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Interning from an IBM Research Lab and Home

After hearing from fellow PhD students about their internship experiences, I was keen to learn for myself how research differs when driven by business clients in a large corporate company versus in a university setting. I was also looking for the opportunity to develop my technical skills and learn the best computing practices in industry.

I discovered the IBM Research internship on twitter and applied as it offered everything I was looking for! The project seemed a perfect fit, a combination of my current research in epidemiology whilst giving me the opportunity to develop my programming and HPC skills plus learn how to handle big data. It was also perfect timing, after coming to the end of a project in my own PhD work, I could easily pause and come back to the PhD with new perspectives and re-found drive.

After also discovering that I would be based in North-West England, I was looking forward to finally leaving Warwickshire, where I was brought up and have been based for both my undergraduate and postgraduate studies. As it happens, I spent the majority of my internship at home and away from Daresbury but nevertheless I still thoroughly enjoyed my internship experience and even with the covid-19 lockdown, I still felt as if I was in the Hartree Centre, Daresbury (where the IBM Research Lab is based) surrounded by colleagues.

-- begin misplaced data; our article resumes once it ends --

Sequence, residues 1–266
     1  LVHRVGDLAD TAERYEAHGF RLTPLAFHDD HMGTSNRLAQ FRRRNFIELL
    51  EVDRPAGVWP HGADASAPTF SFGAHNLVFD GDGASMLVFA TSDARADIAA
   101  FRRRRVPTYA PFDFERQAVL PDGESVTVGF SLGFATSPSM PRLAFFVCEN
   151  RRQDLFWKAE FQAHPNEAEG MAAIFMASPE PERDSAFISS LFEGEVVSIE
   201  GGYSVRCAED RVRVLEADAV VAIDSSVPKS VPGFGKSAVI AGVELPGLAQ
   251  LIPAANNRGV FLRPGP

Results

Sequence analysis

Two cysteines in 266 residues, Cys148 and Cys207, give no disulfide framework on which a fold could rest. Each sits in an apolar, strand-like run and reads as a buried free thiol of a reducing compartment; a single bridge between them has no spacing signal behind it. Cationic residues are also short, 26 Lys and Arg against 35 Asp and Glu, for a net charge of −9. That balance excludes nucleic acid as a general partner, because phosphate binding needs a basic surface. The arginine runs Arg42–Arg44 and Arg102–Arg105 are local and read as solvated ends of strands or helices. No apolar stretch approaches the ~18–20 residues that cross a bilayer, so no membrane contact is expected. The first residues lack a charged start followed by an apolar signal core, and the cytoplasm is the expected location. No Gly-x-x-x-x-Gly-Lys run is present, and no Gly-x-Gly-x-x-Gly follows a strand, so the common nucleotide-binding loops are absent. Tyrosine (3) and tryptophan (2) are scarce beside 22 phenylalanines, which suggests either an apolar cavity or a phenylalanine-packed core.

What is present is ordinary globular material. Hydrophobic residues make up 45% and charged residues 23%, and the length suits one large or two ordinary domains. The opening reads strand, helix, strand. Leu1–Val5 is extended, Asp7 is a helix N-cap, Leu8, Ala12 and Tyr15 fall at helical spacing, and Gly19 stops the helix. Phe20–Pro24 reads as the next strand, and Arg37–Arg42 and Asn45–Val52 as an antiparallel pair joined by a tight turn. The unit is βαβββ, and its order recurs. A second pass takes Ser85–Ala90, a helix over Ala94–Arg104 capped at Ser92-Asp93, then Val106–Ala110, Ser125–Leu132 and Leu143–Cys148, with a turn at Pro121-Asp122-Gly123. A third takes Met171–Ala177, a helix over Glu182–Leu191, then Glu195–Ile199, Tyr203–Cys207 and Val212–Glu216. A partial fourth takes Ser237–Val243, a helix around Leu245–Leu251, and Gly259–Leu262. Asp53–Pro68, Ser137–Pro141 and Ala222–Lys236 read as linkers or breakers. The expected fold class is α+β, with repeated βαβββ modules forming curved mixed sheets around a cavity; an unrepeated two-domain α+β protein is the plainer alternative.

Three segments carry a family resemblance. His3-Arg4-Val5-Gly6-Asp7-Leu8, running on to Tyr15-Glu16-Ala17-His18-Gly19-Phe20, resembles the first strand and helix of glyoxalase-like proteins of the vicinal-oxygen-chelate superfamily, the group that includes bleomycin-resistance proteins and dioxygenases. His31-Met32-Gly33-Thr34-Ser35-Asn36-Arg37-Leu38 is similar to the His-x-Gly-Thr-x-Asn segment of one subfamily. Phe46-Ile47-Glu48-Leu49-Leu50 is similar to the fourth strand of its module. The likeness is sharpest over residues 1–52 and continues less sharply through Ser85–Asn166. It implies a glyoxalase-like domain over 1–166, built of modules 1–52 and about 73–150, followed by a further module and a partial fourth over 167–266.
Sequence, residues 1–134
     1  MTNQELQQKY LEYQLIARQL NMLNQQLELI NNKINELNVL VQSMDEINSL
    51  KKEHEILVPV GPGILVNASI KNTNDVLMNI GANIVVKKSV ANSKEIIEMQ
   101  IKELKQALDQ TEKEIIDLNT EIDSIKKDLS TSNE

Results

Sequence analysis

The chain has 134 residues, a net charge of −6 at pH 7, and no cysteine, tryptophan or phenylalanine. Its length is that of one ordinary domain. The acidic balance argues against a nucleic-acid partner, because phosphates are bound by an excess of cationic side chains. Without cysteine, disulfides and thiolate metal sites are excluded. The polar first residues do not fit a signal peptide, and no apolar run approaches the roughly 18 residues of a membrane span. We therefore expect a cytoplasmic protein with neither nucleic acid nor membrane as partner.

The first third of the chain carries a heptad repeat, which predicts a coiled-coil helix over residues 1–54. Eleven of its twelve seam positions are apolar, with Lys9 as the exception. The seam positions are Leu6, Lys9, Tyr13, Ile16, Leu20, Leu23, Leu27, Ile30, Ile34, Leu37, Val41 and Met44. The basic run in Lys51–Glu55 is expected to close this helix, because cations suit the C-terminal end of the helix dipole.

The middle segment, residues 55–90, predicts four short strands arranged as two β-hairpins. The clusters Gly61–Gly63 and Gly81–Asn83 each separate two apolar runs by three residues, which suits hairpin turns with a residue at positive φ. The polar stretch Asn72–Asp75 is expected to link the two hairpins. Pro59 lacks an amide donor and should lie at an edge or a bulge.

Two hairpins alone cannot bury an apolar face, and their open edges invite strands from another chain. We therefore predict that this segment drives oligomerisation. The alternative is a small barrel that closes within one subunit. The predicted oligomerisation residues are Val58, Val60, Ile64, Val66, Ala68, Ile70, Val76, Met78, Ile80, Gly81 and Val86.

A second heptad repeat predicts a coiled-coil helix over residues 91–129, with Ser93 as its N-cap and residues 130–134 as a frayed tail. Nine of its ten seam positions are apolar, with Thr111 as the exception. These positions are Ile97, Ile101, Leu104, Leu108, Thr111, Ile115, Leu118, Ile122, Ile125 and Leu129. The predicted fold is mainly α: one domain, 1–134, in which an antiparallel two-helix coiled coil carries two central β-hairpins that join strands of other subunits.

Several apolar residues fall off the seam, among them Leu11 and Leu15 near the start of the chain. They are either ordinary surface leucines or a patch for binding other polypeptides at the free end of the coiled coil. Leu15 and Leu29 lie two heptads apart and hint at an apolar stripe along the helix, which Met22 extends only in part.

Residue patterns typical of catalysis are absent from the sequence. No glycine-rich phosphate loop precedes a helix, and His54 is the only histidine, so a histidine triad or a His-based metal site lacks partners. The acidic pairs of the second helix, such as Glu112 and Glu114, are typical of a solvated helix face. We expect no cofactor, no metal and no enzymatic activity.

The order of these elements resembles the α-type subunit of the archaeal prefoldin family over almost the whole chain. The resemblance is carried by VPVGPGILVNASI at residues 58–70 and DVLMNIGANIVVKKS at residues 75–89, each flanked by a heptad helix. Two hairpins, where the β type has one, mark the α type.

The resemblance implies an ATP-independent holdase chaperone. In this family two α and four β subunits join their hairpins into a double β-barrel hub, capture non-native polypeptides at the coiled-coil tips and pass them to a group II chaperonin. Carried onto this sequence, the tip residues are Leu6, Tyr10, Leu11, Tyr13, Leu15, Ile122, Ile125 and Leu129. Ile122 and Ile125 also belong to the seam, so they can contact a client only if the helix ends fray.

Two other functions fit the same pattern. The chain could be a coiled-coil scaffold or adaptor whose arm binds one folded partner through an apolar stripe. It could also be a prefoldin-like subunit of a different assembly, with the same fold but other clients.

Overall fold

On arrival, I met the 5 other interns and we started our IBM lives with a week of training which covered the basics in programming, git, bash and using IBM’s computers. This helped us all to settle quickly into the new team and feel welcomed. After that we had everything we required to succeed in the internship and the research began! I was initially surprised how similar the IBM research was to academia, everyone here was willing to discuss work, collaborate and help move the project forward, creating a fast-paced environment.

We had an unusual internship experience due to the covid-19 pandemic. Although there was a slight disruption to our newly adopted routine, we readjusted, and the internship continued with no hiccups from the comfort of our own homes. Below is a typical day comparing interning from the Hartree Centre to interning from home. I was impressed by the ease and professionalism of the transition to working from home and I found my workday wasn’t affected. Even though I was 125 miles away, I felt equally connected and supported by the IBM team.


Arrived at the Hartree Centre. Said hello to everyone in the office. Should I wake up yet? Roll a metre to my desk.
9:00 Meet the other interns in the AWL for a coffee and free healthy snack. Catch up, before going back to the office and make a plan for the day Get my partner to bring me coffee and cereal. Mark myself as active on slack. Check messages I might’ve missed and make a plan for the day.


Have a meeting with my supervisor and call our collaborators from the IBM Africa team.